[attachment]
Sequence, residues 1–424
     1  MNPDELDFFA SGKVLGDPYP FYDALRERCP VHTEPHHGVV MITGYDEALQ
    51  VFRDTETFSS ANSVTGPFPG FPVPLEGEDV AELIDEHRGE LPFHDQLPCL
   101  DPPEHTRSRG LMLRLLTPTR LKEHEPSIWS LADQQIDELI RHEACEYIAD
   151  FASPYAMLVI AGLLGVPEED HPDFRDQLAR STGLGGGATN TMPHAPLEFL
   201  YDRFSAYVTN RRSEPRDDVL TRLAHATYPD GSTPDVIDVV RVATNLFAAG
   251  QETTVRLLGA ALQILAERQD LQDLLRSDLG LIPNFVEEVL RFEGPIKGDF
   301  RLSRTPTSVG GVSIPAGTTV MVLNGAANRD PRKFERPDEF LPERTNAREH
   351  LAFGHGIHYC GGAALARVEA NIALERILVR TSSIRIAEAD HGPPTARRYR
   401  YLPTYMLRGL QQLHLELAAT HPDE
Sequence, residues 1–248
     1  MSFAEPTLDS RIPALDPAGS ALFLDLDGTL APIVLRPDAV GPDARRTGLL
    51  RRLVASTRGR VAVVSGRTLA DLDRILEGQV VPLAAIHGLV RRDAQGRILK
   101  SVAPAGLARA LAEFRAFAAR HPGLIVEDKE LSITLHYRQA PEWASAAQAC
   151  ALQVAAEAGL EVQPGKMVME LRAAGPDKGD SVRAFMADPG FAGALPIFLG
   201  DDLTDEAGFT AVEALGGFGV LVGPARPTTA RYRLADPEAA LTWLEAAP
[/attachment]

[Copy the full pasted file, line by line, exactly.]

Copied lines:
Sequence, residues 1–424
     1  MNPDELDFFA SGKVLGDPYP FYDALRERCP VHTEPHHGVV MITGYDEALQ
    51  VFRDTETFSS ANSVTGPFPG FPVPLEGEDV AELIDEHRGE LPFHDQLPCL
   101  DPPEHTRSRG LMLRLLTPTR LKEHEPSIWS LADQQIDELI RHEACEYIAD
   151  FASPYAMLVI AGLLGVPEED HPDFRDQLAR STGLGGGATN TMPHAPLEFL
   201  YDRFSAYVTN RRSEPRDDVL TRLAHATYPD GSTPDVIDVV RVATNLFAAG
   251  QETTVRLLGA ALQILAERQD LQDLLRSDLG LIPNFVEEVL RFEGPIKGDF
   301  RLSRTPTSVG GVSIPAGTTV MVLNGAANRD PRKFERPDEF LPERTNAREH
   351  LAFGHGIHYC GGAALARVEA NIALERILVR TSSIRIAEAD HGPPTARRYR
   401  YLPTYMLRGL QQLHLELAAT HPDE
Sequence, residues 1–248
     1  MSFAEPTLDS RIPALDPAGS ALFLDLDGTL APIVLRPDAV GPDARRTGLL
    51  RRLVASTRGR VAVVSGRTLA DLDRILEGQV VPLAAIHGLV RRDAQGRILK
   101  SVAPAGLARA LAEFRAFAAR HPGLIVEDKE LSITLHYRQA PEWASAAQAC
   151  ALQVAAEAGL EVQPGKMVME LRAAGPDKGD SVRAFMADPG FAGALPIFLG
   201  DDLTDEAGFT AVEALGGFGV LVGPARPTTA RYRLADPEAA LTWLEAAP